This bizarre looking creature is the world’s first relocatable research facility. Located on the Brunt Ice Shelf in Antarctica, the Halley VI Research Station was officially opened on Tuesday, more than one hundred years after Captain Robert Falcon Scott’s Antarctic expeditions.
More on the building and its uncommon features after the break…
Eight years in the making, the design arose from a competition held by the British Antarctic Survey (BAS) which was won by Hugh Broughton Architects. Together with with AECOM and construction firm Galliford Try, they had to re-think the concept of a building to overcome the unique set of challenges they faced.
There have been five Halley Research Stations on the Brunt Ice Shelf since 1957; the first four of these were buried by snow and ice over time, until eventually, they were crushed by the weight and had to be abandoned.
The previous station, 20-year old Haley V, was demolished and removed over the growing risk that ice, on which it was located, could break off in the coming years. The 150 meter thick ice shelf is flowing towards the sea at a rate of 0.4 km per year where, at irregular intervals, it calves off as vast icebergs.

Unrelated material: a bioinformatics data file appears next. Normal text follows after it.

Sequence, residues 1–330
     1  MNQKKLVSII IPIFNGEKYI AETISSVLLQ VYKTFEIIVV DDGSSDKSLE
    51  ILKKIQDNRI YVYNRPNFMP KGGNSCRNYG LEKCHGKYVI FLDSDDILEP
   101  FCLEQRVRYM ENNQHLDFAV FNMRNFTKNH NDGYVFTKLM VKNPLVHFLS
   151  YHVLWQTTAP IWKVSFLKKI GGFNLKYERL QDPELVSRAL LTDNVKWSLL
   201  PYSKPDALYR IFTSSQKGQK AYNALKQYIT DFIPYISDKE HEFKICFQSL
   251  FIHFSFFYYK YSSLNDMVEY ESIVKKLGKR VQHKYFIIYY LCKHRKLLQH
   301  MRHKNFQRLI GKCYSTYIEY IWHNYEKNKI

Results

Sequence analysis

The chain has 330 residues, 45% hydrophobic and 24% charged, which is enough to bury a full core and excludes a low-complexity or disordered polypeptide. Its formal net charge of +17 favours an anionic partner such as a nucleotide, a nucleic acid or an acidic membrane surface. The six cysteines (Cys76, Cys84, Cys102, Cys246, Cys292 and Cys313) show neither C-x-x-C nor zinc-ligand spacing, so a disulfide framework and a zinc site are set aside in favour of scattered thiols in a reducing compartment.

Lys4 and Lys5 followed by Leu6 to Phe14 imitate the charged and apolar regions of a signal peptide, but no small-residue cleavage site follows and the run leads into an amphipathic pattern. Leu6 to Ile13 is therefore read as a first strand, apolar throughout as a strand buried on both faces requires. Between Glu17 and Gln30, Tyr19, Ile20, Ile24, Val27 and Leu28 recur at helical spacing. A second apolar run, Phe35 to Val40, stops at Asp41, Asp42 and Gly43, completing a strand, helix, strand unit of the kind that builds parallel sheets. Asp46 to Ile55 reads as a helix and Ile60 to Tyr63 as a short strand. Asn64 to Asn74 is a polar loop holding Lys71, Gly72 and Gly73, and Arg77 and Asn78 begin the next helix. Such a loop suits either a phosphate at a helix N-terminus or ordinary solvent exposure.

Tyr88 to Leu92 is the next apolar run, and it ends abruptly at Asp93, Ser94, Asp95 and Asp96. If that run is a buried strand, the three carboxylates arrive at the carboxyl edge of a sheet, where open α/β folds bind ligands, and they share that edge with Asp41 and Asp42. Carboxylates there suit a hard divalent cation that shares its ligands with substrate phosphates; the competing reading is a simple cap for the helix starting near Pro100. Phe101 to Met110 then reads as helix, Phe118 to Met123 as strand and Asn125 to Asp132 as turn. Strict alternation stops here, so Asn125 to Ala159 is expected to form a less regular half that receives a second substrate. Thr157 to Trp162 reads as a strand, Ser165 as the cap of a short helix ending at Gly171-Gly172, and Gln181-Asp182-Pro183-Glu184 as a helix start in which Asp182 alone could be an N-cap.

The new Halley VI is built with hydraulically elevated, ski-based modules allowing it to rise above the meters of annual snowfall, and be periodically rearranged or relocated inland as the ice-shelf moves.
The current suite is comprised of seven interlinking blue sections, in a straight line, which house bedrooms, laboratories, offices and energy plants. At the center of this, there is a spacious two-story red module featuring a brightly lit, double-height social space where crews can spend their downtime.
Crew numbers at the Halley station range from 52 in summer to 16 during the winter, where three months of total darkness mean temperatures can drop as low as -56C.
The grueling construction process had to be carried out during four Antarctic summers – each year they had only nine weeks, meaning the construction teams worked round the clock in the freezing conditions.
The Brunt Ice Shelf is a region important for studying the Earth’s magnetic field and the near-space atmosphere; it was data from Halley V that led to the 1985 BAS discovery of the ozone hole.